Let $\gamma_2(\tau)=j(\tau)^{1/3}$. The modular equation shows that the functions $$j\left(\frac{a\tau+b}{c\tau+d}\right),\qquad ad-bc=n$$ are integral over $\mathbf Z[j]$. Under what conditions is the function $$\gamma_2\left(\frac{a\tau+b}{c\tau+d}\right)$$ integral over $\mathbf Z[\gamma_2]$?

Weber shows in Lehrbuch der Algebra that this is true for the functions $$\gamma_2\left(\frac{a\tau+b}{d}\right)$$ where $$\begin{pmatrix} a & b\\ 0 &d\end{pmatrix}\in\mathcal S(n,d)=\bigg\lbrace \begin{pmatrix} r & s\\ 0 &t\end{pmatrix}\colon rt=n,r>0,(r,s,t)=1,3\mid s,0\leq s<3t\bigg\rbrace,$$ for $d=3$ and $(3,n)=1$.

The set $\mathcal S(n,d)$ is a set of representatives for the orbits of the action $SL_2(\mathbf Z)\backslash\lbrace \text{matrices with determinant n}\rbrace$ provided $(n,d)=1$. Unfortunately the function $\gamma_2$ is not invariant under $SL_2(\mathbf Z)$ but only under the subgroup

$$\bigg\lbrace \begin{pmatrix} a & b\\ c &d\end{pmatrix}\colon a\equiv d\equiv 0 \text{ or }b\equiv c \text{ mod 3}\bigg\rbrace$$ so we cannot proceed as with the $j$-invariant.

How did Weber come up with the set $S(n,d)$? For $d=16$ this set also occurs in Stark's On the “gap” in a theorem of Heegner. Is there some other reference for $\mathcal S(n,d)$?


1 Answer 1


Since nobody has answered yet, I'll try it. I think that if $j(M \cdot \tau)$ satisfies the $n$-th modular equation $\Phi_n(X) = 0$ over $\mathbb{Z}[j]$ (where $\mathrm{det}(M) = n$) then $\gamma_2(M \cdot \tau)$ satisfies $\Phi_n(X^3) = 0$, also over $\mathbb{Z}[j]$ and therefore over the larger ring $\mathbb{Z}[\gamma_2]$. So it is always algebraic over $\mathbb{Z}[\gamma_2]$.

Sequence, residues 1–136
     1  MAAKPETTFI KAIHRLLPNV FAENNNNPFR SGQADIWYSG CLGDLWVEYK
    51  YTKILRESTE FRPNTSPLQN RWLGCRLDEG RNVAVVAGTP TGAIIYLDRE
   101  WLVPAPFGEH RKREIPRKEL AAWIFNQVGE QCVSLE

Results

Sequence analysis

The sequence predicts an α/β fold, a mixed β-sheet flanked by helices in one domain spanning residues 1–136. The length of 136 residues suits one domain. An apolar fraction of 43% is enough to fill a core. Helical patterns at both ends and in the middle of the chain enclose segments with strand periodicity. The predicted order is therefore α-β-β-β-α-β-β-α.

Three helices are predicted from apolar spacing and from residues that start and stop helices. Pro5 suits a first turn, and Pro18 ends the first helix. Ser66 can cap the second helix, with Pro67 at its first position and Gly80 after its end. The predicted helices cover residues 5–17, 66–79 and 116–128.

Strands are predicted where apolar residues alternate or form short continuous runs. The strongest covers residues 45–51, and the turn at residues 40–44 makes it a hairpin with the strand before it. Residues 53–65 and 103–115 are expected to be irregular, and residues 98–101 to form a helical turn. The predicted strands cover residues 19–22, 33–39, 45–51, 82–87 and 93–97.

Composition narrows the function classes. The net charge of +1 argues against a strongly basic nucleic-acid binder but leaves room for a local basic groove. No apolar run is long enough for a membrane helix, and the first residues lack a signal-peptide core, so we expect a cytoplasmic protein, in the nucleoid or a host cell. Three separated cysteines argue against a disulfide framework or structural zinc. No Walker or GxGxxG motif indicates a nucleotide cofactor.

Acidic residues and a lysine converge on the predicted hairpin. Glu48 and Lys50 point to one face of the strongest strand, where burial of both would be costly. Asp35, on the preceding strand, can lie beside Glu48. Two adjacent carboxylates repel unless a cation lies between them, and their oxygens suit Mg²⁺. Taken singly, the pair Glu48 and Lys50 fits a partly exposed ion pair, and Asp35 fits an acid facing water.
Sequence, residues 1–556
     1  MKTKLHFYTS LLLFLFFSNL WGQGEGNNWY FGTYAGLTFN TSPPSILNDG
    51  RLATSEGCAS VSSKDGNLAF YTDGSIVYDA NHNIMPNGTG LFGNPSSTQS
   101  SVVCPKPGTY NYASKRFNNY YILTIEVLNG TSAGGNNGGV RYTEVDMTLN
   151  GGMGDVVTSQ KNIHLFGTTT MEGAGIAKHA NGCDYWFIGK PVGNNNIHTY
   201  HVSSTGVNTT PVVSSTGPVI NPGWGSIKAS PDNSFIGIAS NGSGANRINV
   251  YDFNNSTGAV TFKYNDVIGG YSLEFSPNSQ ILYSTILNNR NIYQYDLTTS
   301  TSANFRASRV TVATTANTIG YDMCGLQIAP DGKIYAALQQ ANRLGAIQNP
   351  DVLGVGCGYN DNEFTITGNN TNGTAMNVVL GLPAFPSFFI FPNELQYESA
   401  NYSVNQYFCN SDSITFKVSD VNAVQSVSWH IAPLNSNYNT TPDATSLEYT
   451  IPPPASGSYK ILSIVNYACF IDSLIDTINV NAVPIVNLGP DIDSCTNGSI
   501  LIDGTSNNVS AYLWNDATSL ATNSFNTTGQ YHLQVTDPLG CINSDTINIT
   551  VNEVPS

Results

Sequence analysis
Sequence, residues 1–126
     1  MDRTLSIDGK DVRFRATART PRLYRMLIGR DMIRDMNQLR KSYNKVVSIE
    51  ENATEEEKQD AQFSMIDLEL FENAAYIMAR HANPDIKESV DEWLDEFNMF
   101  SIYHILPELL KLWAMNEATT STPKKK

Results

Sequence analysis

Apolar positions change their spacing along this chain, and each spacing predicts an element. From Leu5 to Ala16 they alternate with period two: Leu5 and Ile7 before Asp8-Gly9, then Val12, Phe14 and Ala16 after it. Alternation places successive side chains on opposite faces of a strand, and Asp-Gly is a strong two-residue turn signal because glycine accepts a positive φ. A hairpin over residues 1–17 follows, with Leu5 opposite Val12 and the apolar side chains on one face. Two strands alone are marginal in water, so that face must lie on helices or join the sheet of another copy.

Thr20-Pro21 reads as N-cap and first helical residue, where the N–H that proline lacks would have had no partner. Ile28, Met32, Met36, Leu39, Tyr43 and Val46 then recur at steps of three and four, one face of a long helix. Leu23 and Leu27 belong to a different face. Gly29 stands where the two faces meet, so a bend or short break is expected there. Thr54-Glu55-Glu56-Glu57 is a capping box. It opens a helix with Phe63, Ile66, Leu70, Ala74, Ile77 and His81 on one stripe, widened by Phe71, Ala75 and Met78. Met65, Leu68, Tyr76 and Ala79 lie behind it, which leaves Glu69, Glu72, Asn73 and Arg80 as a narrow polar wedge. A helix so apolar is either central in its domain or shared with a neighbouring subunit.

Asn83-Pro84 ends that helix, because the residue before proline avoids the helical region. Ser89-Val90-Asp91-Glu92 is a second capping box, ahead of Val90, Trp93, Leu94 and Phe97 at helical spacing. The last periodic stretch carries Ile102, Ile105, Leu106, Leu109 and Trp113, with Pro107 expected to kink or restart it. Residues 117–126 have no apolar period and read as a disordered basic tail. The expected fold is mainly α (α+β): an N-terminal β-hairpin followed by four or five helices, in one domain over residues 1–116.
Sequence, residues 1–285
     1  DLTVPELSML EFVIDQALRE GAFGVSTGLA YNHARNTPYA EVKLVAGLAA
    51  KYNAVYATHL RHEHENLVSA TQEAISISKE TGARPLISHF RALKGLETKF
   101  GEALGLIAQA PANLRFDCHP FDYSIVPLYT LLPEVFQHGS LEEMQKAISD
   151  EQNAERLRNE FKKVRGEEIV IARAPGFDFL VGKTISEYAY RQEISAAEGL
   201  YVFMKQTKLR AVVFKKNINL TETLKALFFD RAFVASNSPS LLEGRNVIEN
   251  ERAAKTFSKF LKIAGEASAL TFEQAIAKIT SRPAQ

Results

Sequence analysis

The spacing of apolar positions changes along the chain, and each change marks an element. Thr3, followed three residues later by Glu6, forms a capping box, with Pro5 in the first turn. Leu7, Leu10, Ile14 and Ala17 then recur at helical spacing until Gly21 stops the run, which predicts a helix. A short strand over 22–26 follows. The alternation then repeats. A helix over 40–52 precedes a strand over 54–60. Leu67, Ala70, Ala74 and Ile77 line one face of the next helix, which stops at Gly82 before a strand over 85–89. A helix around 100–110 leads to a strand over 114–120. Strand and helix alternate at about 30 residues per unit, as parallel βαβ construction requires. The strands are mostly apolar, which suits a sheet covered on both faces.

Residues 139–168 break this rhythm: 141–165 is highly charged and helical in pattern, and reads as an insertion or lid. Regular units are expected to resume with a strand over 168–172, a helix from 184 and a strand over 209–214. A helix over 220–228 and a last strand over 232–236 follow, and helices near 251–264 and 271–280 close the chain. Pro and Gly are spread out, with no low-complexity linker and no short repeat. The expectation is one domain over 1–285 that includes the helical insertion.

It may be better to view $\gamma_2$ as a modular form of level 1 with character. You can read the character off of the character of $\eta(\tau)$ because $\gamma_2(\tau) = E_4(\tau) \eta(\tau)^{-8}$. In particular the subgroup that you wrote under which $\gamma_2$ is invariant is too small; it should be the group generated by $S$ and $T^3$.

I do not know whether there is a name for elements of $\mathcal{S}(n,d)$ in general. If $(n,d) = 1$ then these are the matrices in Hermite normal form.


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